In Act Three, as Proctor appears before the court to plead his wife’s case, both his physical and his emotional confidence are shaken and his once firm stance, so clear in Act One, now seems the outcome of bravado rather than the natural representation of inward confidence. Act Three is the most physical part of the play for all of the actors, and here the round staging puts Armitage at his most balletic, so that Proctor’s stance seems the most unstable it’s been as he encounters the rapid movements and spasms of the bewitched girls. It begins with a position of deference toward the court and defensive protectiveness toward Francis Nurse and Giles Corey, the neighbors he accompanies whose wives are also both accused. For much of the scene, Proctor glowers, his proud profile now slightly diminished as he looks simultaneously more prosecutorial and more cautious about what will happen. His shoulders are held more defensively and he bows his head more fully. The growing humiliation of a situation in which he cannot obtain redress without fully exposing himself — and his realization that even that will not get him out of the trip — combine in a rage that can scarcely be contained, with Proctor’s explosion at the end that he sees Satan in his own face and that of others around him granting us all a huge relief of tension that’s been building for forty minutes. Much mention has been made among skeptics of the unbelievable amount of shouting in this play, and these critics are not wrong. All of the characters shout and scream, and Armitage’s Proctor leads them all. But on some level, Proctor’s shouting reflects the inchoate fury of the powerless man who can do nothing but shout — as one reviewer has said, the man who shouts because he cannot be heard. Proctor’s hands, once caressing, once beseeching, now point, exhort, clench against powerlessness — and most of all: indict.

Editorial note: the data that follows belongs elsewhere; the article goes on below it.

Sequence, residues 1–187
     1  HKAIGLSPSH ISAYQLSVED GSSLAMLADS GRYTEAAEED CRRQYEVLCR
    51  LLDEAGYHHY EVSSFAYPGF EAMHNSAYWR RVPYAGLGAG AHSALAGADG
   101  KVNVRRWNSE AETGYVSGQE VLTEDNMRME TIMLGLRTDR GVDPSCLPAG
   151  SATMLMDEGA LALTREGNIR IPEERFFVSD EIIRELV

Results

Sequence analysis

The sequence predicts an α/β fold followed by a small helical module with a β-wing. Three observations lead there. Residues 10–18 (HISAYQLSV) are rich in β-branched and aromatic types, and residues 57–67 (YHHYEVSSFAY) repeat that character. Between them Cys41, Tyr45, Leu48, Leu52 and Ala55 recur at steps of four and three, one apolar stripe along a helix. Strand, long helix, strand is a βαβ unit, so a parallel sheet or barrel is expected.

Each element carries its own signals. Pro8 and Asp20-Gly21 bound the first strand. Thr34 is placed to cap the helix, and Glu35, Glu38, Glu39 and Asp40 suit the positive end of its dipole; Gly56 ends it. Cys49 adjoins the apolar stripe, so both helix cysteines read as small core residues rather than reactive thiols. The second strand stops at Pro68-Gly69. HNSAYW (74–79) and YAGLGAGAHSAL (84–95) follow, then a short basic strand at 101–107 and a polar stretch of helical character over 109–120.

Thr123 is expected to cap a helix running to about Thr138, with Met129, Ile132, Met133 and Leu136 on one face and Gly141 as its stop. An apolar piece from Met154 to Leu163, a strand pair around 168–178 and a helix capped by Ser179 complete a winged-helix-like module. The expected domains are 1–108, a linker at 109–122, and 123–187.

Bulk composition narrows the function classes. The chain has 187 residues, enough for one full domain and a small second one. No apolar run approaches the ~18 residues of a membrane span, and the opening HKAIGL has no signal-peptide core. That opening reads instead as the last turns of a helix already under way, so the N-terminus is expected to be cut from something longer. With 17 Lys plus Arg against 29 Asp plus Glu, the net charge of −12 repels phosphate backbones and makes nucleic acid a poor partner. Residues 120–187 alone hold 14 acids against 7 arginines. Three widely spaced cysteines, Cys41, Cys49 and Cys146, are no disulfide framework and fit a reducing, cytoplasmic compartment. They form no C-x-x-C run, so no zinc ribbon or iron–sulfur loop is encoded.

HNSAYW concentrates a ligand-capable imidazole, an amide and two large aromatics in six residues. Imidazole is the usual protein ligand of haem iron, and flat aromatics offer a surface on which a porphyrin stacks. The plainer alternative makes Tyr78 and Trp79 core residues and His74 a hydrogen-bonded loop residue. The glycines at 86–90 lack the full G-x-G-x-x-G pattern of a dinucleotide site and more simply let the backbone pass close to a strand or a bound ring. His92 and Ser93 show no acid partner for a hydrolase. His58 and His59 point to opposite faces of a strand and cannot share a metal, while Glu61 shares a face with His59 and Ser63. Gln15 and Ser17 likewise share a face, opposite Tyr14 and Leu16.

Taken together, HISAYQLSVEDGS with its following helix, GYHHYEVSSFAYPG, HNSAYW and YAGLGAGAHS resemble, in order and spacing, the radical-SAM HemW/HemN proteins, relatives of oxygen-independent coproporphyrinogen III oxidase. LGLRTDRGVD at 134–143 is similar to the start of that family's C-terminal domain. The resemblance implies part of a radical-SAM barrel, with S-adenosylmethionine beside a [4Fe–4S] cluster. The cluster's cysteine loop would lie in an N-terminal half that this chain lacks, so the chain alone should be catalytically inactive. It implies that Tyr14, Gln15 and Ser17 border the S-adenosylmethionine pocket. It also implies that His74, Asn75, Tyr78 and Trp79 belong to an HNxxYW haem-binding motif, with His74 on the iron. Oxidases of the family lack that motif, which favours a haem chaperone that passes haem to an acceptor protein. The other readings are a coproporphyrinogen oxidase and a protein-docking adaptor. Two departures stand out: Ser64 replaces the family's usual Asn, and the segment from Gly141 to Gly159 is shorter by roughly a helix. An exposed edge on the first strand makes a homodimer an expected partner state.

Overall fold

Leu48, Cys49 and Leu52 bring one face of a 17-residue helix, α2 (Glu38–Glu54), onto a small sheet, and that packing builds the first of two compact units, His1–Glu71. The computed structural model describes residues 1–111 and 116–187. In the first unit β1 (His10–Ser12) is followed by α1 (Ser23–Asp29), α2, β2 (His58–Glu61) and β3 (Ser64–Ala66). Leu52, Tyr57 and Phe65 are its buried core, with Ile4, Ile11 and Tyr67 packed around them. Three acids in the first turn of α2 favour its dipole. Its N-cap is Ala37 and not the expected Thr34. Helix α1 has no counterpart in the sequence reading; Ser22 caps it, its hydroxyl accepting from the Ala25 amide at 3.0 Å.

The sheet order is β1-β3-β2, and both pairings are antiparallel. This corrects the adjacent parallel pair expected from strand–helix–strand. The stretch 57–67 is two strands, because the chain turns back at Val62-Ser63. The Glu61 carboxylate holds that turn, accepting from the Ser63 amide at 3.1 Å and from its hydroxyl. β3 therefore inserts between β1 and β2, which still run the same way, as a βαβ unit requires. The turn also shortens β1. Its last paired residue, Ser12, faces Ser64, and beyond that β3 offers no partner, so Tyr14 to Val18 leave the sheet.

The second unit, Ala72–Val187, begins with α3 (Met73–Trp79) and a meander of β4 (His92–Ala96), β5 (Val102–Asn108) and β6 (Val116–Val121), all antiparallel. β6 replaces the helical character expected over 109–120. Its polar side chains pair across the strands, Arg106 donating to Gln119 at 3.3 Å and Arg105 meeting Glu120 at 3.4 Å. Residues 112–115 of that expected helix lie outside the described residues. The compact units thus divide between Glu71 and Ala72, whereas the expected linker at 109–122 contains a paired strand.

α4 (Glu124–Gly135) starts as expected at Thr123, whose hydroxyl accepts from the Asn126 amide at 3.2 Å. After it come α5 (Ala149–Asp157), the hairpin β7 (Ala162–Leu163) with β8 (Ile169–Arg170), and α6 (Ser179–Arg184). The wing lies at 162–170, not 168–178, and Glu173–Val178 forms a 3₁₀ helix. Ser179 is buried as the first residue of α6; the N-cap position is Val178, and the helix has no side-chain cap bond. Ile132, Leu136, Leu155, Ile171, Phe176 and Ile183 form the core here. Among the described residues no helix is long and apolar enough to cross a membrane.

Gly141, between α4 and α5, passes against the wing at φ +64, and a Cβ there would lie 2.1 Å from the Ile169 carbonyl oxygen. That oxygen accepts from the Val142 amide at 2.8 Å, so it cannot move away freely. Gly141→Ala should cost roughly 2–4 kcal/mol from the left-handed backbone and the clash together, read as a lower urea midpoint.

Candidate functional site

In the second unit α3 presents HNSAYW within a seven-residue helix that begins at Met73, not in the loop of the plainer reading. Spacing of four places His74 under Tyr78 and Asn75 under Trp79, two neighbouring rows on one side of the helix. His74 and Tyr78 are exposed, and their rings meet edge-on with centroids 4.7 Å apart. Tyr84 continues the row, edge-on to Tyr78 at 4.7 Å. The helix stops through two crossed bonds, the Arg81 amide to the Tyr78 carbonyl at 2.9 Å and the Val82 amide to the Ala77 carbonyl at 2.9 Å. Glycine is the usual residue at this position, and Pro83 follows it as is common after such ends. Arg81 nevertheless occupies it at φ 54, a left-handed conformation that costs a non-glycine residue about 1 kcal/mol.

Screen shot 2014-09-01 at 6.49.52 PM[Left: Proctor (Richard Armitage) at the end of Act Three — proclaiming the fraud that everyone knows or suspects is happening. Source: Geraint Lewis Collection]